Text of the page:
Our last savoury dish of the evening was the Flame Broiled Peach Salad ($13) with slivered prosciutto, housemade ricotta, candied walnuts, and mixed greens. Cheese and meat can be fairly heavy, so I was looking forward to a refreshing dish to lighten up the meal. The salad came out beautifully presented on a slate board, but unfortunately wasn't quite what I was expecting. As peaches are in season I was hoping to find fresh, juicy peaches in this salad, but found the canned variety instead, grilled and lacking moisture. The housemade ricotta was smooth and creamy, but lacking in flavour and moisture to lend to the dry greens. The prosciutto was abundant and delicious, but there was almost too much of it, making the salad saltier than expected. Given how dry the salad was, it would have benefitted with a dressing. It's another dish with lots of potential, but unfortunately lacked in execution.

To finish off our night we ordered the Honey Poached Pear ($8) with ice wine gatrique and Pinocchio vanilla bean ice cream. The pear wasn't too sweet, but I did wish for it to be poached a bit softer and served warm. The ice cream was fragrant and creamy, balancing the acidity of the gastrique.

The charcuterie at Cured is clearly the star of the menu, as it should be. Although there were some hiccups in the small plates, the restaurant was very receptive to feedback, and hopefully they can iron out the kinks with a bit of time. Service was great and the staff were knowledgeable when it came to their offerings. Cured is very much committed to supporting local producers and sustainability, and it would be great to see this reflected in the menu.

I'm definitely looking forward to future visits to unwind with some meat and cheese. It will be interesting to see if the charcuterie grows to include more varieties, or if the restaurant adopts a seasonal menu to reflect availability of produce.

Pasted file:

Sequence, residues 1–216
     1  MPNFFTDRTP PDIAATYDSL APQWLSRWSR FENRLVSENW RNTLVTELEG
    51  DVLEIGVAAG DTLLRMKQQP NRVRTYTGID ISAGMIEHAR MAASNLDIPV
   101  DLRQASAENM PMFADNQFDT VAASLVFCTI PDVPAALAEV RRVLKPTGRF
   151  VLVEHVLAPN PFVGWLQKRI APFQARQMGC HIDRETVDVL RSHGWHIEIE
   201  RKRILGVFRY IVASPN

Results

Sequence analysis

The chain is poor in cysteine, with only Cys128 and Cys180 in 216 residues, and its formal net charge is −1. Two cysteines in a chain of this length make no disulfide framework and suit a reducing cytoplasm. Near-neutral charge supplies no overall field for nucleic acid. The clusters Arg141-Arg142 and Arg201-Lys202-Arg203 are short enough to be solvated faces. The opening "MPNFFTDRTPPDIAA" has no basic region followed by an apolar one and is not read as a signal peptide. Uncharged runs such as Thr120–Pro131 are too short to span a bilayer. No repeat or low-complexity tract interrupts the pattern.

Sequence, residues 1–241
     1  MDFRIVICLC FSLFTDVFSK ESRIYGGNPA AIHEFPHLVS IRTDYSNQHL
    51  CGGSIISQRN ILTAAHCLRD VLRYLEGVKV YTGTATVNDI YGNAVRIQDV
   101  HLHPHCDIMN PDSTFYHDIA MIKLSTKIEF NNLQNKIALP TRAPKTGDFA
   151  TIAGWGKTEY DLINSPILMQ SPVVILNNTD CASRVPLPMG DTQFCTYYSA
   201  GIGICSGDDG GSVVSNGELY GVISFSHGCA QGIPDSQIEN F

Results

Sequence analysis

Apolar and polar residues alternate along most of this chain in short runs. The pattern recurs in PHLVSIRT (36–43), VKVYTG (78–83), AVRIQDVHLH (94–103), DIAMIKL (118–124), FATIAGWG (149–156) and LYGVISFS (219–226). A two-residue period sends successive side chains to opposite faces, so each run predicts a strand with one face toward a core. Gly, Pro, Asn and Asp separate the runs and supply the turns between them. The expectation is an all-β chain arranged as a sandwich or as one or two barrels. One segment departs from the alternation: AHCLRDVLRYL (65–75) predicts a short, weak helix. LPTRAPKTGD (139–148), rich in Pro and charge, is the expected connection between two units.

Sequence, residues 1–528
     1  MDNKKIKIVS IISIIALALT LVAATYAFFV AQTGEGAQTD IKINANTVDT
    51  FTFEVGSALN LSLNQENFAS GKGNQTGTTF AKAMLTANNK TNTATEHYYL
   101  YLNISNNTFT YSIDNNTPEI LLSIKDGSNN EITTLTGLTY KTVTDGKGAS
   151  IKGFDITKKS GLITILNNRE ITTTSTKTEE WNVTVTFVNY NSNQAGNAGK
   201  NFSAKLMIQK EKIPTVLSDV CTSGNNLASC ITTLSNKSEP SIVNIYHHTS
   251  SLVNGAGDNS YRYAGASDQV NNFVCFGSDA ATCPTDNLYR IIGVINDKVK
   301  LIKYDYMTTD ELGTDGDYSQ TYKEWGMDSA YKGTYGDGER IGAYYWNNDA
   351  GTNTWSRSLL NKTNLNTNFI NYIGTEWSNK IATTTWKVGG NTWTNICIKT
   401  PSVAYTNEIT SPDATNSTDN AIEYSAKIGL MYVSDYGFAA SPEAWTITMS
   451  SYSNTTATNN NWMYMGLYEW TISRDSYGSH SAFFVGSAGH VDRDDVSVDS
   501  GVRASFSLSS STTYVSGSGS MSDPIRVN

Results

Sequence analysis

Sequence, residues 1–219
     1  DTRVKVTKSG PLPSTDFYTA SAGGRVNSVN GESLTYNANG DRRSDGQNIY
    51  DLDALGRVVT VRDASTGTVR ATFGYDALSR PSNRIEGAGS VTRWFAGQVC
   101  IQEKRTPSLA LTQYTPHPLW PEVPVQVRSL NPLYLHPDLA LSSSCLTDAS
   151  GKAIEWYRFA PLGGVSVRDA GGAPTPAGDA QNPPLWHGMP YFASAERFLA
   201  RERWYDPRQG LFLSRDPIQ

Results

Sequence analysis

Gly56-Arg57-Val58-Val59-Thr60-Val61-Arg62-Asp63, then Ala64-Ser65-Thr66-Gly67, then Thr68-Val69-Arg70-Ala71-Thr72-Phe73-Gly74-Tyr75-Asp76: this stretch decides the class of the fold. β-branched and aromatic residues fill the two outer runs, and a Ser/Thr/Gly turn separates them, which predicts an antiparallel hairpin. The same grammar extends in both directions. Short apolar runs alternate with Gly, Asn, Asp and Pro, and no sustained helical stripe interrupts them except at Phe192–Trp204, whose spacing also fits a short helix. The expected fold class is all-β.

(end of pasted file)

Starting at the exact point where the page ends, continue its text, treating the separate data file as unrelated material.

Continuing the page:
With some adjustments, Cured Wine Bar has the potential to be a go-to dining spot for many. Pricing for the charcuterie is reasonable and the atmosphere is great for both intimate dinners and group celebrations. Thanks for bringing housemade charcuterie to the south side - whatever occasion it may be, I'll be back soon for some more of that venison salami!

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*Disclosure: Cured Wine Bar invited me to attend their media opening. Views expressed in this post are solely mine. I was not expected to feature this restaurant on my blog, nor obligated to do so. This post is 100% my opinion, and as always, my priority is to you, the reader, to present an unbiased, thorough review.

Thursday, July 16, 2015

Pizza & Pop: Urbano Pizza Co.

Back in my Junior High days the cool thing to have for lunch was pizza and a can of pop from the pizza store across the street. Now that I'm an adult, my pizzas are usually paired with wine or another fun drink. But now there's a new pizza place in town bringing back the old school pizza and pop combination.